Spinal Compression Fracture Treatment

What is a spinal compression fracture and how does it occur?

The most common cause of spinal compression fractures is osteoporosis. Spinal compression fractures are more prevalent in women than men and are common amongst the elderly. However, many elderly males can have osteoporotic compression fractures. Although this is less common, spinal compression fractures can be associated with spinal cancers or cancers that have spread to the spine. The pain caused by these breaks varies from minor to excruciating. Spinal compression fractures can be the result of a fall or other accidents in people with severe osteoporosis; although, it may also be attributable to bending, twisting, or lifting objects.

Compression of one or more of the vertebral bodies in the spine will typically be evident on an X-ray, CT scan, or MRI. An MRI is often most useful as it can help determine the age of the fracture. A nuclear medicine bone scan may be ordered in cases when a patient is unable to undergo an MRI and there is uncertainty regarding the age of a fracture.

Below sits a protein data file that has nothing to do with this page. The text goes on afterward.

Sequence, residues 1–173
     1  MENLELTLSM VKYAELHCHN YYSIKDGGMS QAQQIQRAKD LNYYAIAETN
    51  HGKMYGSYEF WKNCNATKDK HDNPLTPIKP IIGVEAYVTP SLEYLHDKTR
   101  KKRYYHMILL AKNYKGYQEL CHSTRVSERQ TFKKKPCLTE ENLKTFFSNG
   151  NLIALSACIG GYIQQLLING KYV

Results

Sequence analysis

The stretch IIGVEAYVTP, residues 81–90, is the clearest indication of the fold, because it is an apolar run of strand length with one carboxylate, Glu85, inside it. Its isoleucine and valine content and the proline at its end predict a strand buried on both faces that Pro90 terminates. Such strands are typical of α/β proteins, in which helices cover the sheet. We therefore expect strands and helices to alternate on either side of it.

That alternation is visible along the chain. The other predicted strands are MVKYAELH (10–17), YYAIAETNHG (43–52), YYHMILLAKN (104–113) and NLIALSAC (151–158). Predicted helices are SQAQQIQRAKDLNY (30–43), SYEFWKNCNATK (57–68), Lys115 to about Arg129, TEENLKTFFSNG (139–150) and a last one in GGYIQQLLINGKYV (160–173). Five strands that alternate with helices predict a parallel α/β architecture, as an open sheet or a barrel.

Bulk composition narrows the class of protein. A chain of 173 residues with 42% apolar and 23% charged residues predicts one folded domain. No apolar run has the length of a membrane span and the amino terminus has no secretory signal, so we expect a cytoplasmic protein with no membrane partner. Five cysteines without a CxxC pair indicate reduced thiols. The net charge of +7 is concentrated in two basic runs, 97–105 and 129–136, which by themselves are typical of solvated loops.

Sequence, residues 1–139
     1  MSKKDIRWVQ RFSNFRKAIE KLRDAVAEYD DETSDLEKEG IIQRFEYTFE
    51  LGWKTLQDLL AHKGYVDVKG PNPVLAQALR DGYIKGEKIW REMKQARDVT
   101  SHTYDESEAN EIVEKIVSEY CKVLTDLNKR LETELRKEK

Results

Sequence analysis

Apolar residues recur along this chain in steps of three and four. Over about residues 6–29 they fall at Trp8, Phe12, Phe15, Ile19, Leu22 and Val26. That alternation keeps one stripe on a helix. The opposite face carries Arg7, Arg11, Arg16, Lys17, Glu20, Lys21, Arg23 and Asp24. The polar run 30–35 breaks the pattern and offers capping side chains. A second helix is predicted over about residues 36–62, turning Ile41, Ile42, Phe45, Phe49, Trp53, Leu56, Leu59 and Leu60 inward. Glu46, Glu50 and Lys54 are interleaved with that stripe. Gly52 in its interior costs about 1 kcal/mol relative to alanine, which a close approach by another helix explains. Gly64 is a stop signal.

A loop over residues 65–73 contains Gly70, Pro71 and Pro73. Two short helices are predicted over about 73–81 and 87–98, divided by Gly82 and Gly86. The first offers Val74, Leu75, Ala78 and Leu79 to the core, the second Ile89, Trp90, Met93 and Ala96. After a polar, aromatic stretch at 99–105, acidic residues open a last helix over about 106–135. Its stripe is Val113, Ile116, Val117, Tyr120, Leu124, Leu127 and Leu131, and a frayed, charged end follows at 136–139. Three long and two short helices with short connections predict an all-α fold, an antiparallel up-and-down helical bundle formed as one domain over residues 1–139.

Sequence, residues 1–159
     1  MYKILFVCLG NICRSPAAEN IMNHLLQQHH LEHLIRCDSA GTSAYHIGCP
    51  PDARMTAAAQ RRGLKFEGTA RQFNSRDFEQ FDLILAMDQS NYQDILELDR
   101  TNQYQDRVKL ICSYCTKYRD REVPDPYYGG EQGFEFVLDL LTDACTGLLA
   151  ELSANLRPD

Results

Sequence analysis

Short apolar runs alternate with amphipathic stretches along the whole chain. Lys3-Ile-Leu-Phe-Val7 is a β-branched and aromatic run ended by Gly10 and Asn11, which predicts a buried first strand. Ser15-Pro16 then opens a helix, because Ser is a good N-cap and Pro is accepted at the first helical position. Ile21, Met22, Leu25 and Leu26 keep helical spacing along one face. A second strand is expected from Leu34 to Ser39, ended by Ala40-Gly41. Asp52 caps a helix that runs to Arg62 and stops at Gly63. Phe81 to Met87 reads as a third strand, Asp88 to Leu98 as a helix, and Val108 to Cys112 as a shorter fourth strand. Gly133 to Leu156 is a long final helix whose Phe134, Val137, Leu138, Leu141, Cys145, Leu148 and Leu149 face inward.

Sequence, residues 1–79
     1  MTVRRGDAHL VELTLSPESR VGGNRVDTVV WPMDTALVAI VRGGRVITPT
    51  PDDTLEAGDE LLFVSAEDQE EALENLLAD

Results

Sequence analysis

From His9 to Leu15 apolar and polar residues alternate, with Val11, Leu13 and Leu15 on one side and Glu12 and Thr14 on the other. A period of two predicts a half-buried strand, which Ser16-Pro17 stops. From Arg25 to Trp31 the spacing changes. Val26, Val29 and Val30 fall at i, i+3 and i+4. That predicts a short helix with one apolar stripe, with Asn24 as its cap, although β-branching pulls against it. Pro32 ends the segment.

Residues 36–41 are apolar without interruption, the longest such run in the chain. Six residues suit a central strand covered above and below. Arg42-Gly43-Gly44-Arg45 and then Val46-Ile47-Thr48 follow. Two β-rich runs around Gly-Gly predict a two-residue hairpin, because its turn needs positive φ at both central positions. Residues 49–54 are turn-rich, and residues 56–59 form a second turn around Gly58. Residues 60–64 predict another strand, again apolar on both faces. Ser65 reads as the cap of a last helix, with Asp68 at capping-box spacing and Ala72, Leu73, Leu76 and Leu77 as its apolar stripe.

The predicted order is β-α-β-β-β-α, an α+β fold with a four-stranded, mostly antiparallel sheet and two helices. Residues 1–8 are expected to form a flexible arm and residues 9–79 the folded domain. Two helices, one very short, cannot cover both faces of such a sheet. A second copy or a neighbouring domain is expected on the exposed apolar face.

• Back pain has suddenly arisen.
  • When sitting or walking, the pain becomes more intense.
  • During rest, pain intensity decreases.
  • The ability to move your spine decreases or becomes limited.
  • Loss of height can be a result.
  • Deformity and disability may occur eventually.

What is the treatment for a spinal compression fracture?

We will talk about your treatment alternatives based on the findings of your imaging test and clinic consultation. The most frequent treatment for a spinal compression fracture is a kyphoplasty.

What is a Kyphoplasty and how does it work?

A kyphoplasty is a minimally invasive procedure that uses medical grade “bone cement” to prevent the spinal compression fracture from worsening and to relieve back discomfort.

A needle is inserted into the skin using X-ray guidance and pushed through the vertebra. A balloon is then inserted and inflated through the needle to restore missing height of the bone. To stabilize the fracture, cement is injected into the space created by the balloon. Kyphoplasty does more than vertebroplasty by using the balloon space to restore bone height. Vertebroplasty is similar but just reduces pain and stabilizes the bone by using the balloon to restore bone height. 

At MIVA, moderate sedation is used during a kyphoplasty. Recovery time is minimal.